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Concurrent Session (Evans Room)

Chair: Dr Sally Paul

a. Outside the margins: Palliative and end of life care eduction for homeless support services

Gemma Allen

Background: The CQC report ‘A different ending: addressing inequalities in end of life care’ highlighted homeless people with end of life care needs experience considerable barriers accessing palliative care. Mary Stevens Hospice developed an education workshop for hostel workers, police officers, and local authority teams focussing on palliative care, advance care planning, and accessibility of hospice services.
Aim: Collaborate with organisations who previously had not worked in partnership with hospice, allowing choice and access for people experiencing homelessness requiring palliative care.
The workshop aimed to identify barriers homeless people experience accessing palliative care, engaging seldom- heard communities and identifying training needs for non- health care workers. Lastly Mary Stevens Hospice wanted to develop relationships with local hostel, police and homelessness team , with consideration of developing pathways into hospice services.

Methods: Community engagement with statutory and voluntary organisations, identifying ways of integrating services and up-skilling non health care professionals. A pilot education day was facilitated in July 2018. There was recognition from involved parties the value of working together to better support homeless people approaching end of life. A referrals and signposting database was implemented at Mary Stevens Hospice and workshop feedback evaluated.

Conclusion: Fourteen people attended workshop, including community police, hostel support staff and outreach workers. Attendees reported increased confidence having early, courageous conversations, discussing end of life concerns and priorities. Hospice received first referral and people signposted to services. Advance care planning and Dying Matters events planned.
The workshop highlighted a lack of pathway for homeless people accessing services and a continuation of partnerships, nurturing relations between organisations is necessary to working toward removing barriers to palliative care. Hostel recognised five persons whose health a cause for concern. Police and hostel manager visited hospice and plans for a hospice open day are in development.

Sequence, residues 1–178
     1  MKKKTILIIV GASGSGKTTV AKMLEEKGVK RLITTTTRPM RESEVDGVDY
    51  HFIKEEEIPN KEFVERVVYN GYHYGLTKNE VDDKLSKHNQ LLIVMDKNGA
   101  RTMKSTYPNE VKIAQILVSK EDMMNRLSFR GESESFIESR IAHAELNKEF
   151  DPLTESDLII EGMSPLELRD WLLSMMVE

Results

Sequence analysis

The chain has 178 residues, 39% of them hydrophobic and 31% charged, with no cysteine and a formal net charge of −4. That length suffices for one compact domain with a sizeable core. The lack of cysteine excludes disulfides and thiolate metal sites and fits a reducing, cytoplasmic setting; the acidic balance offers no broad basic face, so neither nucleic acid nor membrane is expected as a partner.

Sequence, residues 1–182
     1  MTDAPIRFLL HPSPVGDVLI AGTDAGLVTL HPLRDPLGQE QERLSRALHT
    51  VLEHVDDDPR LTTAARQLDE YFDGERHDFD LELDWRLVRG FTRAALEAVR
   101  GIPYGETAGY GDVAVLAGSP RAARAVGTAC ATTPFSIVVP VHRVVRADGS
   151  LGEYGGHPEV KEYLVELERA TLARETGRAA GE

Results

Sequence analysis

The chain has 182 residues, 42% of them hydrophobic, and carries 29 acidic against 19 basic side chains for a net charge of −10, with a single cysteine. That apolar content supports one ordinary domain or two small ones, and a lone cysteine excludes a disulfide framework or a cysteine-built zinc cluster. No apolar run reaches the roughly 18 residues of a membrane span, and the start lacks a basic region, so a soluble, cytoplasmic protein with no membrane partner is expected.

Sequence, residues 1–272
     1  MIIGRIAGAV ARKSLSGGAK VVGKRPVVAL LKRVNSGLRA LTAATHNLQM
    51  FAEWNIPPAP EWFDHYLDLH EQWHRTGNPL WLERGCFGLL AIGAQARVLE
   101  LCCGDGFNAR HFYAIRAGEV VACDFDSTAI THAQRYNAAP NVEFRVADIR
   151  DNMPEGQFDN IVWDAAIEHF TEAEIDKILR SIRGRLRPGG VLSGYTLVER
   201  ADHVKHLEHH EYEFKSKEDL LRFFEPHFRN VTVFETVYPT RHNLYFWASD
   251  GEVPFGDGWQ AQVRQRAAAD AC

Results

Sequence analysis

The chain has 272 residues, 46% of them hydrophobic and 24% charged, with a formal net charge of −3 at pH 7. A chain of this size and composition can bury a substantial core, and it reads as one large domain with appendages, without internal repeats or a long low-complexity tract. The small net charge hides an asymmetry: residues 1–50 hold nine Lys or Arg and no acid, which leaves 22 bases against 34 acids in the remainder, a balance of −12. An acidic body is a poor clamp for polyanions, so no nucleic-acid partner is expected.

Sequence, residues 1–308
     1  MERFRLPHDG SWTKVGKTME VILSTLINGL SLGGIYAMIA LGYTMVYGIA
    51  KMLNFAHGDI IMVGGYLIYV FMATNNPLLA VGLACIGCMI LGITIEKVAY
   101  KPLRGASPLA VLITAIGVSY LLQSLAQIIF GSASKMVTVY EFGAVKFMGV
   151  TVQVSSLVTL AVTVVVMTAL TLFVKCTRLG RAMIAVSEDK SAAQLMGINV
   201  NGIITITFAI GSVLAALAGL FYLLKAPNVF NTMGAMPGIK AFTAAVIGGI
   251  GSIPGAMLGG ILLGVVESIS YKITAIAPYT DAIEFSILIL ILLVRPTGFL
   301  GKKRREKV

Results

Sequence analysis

b. The Life:Moving Project: Changing perceptions of end of life through film

Dr Michele Aaron and Dr Jed Jerwood

Centred on a six-month filmmaking project based at John Taylor Hospice in Birmingham, UK, this research project investigated the ethical issues involved in representing end of life experience through the medium of digital film. Through workshops and home visits, participants were given practical and critical training and support to develop and co-create their own films. Six films resulted and an exhibition was designed for them and installed at a community space local to the hospice at the end of the project. Subsequently, the films and research have been shared with end of life communities in the UK and Europe where the insights offered into the experience of dying and of end of life care has had a powerful impact upon various audiences, especially within the palliative health community. As well as demonstrating the benefits of such projects for patients and their loved ones and for illuminating the everydayness of dying, Life:Moving reveals the value of Arts practice and participatory research for the end of life community.

The project aimed to challenge society’s misconceptions about terminal illness by providing those experiencing it with the opportunity, skills and platforms to tell their own stories, and by bringing these stories to a wide audience. In prioritising ethical praxis throughout – as the project’s foundations, orientation and ongoing discussion point - the project aimed to counter the pervasive objectification or disregard of the dying within the public sphere. In these ways, the research sought to better understand the potential of digital film to serve the best interests of the vulnerable lives it so often depicts and then disseminates. It also sought to model best practice for the increasing use of filmmaking for creating compassion within public health and palliative care initiatives.

c. The contribution of and support for volunteer palliative care: A survey of volunteers across the health care system

All authors: Steven Vanderstichelen, End-of-Life Care Research Group (Vrije Universiteit Brussel & Ghent University) & Department of Public Health and Primary Care (Ghent University)